In the 1940s an Argentinian librarian gives a secret manuscript to a private investigator. The document was written in 1928 by none other than the famous consulting detective, Sherlock Holmes, who is living under the guise of a German professor teaching at Cambridge university. Doctor Watson has died so Holmes has been trying to keep his mind active as he sees out his final days. One day he is visited by an author, Sir Arthur Conan Doyle, who asks him to look into some information he received at a recent spiritual séance he attended. The case involves multiple worlds, Edgar Allan Poe, Ernest Hemingway, Mrs Hudson, and many other meta-themes.

I can’t claim to be a huge fan of Sherlock Holmes. I read all of the Doyle stories and novels when I was a teenager but I’ve never bothered reading any of the raft of subsequent novels that have been written since. However I do find the character utterly fascinating, and generally enjoy fiction set in Victorian London.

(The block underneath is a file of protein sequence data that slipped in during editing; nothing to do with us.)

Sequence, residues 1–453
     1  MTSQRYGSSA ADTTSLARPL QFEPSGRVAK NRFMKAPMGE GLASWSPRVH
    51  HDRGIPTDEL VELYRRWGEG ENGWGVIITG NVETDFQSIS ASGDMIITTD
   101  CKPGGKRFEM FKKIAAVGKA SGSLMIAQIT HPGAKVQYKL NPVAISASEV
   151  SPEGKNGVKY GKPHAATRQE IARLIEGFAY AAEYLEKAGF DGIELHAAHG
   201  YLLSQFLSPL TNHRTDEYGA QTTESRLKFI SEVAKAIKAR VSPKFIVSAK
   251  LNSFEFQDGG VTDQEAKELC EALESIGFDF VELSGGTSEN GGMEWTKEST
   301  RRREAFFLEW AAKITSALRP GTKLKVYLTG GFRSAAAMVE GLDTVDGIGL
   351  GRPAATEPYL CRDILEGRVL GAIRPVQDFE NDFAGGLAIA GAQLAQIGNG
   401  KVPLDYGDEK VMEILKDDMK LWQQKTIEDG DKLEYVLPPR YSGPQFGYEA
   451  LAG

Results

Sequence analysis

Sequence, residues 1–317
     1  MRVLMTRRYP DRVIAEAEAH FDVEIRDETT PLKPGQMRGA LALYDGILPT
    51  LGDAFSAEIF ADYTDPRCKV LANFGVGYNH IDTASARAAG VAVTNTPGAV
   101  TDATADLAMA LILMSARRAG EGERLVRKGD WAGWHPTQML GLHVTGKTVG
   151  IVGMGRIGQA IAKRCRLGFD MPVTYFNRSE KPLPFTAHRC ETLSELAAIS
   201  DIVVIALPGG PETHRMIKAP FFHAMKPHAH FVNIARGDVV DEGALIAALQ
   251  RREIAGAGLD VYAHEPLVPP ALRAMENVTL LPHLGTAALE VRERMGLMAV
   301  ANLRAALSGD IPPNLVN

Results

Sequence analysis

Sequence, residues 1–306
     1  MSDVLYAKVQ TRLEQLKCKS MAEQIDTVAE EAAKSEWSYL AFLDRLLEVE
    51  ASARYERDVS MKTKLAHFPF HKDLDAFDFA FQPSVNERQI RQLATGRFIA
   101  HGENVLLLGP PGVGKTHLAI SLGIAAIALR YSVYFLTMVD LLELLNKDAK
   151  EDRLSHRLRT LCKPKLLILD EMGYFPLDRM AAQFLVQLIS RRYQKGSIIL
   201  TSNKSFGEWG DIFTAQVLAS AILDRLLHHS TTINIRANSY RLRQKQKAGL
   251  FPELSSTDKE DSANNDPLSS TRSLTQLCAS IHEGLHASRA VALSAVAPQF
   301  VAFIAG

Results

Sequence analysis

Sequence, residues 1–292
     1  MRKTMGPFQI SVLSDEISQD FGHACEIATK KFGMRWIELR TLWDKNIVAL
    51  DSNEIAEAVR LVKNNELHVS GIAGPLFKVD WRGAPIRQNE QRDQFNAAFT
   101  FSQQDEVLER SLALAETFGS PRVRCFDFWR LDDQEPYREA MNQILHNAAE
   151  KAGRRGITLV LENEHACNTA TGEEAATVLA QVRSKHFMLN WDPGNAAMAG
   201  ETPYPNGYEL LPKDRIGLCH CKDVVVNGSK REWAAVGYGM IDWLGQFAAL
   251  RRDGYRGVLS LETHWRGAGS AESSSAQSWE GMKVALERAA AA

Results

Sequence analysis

I thought this was okay. It’s quite well-written, if unlike the style of Conan Doyle when writing as Doctor Watson. But the plot explains this by the way Holmes apologises for his rather wandering narrative, suggesting that Watson has a far more active method of writing than he has.

The plot is convoluted and preposterous but I suppose that’s part of the fun of it. It’s a short novel and I had fun reading it but it wasn’t enough to make me seek out anything else of the author’s work, or bother reading any other Sherlock Holmes tales by other writers. I’d recommend this to fans of Sherlock Holmes, but no one else.

Rating: 3 out of 5.

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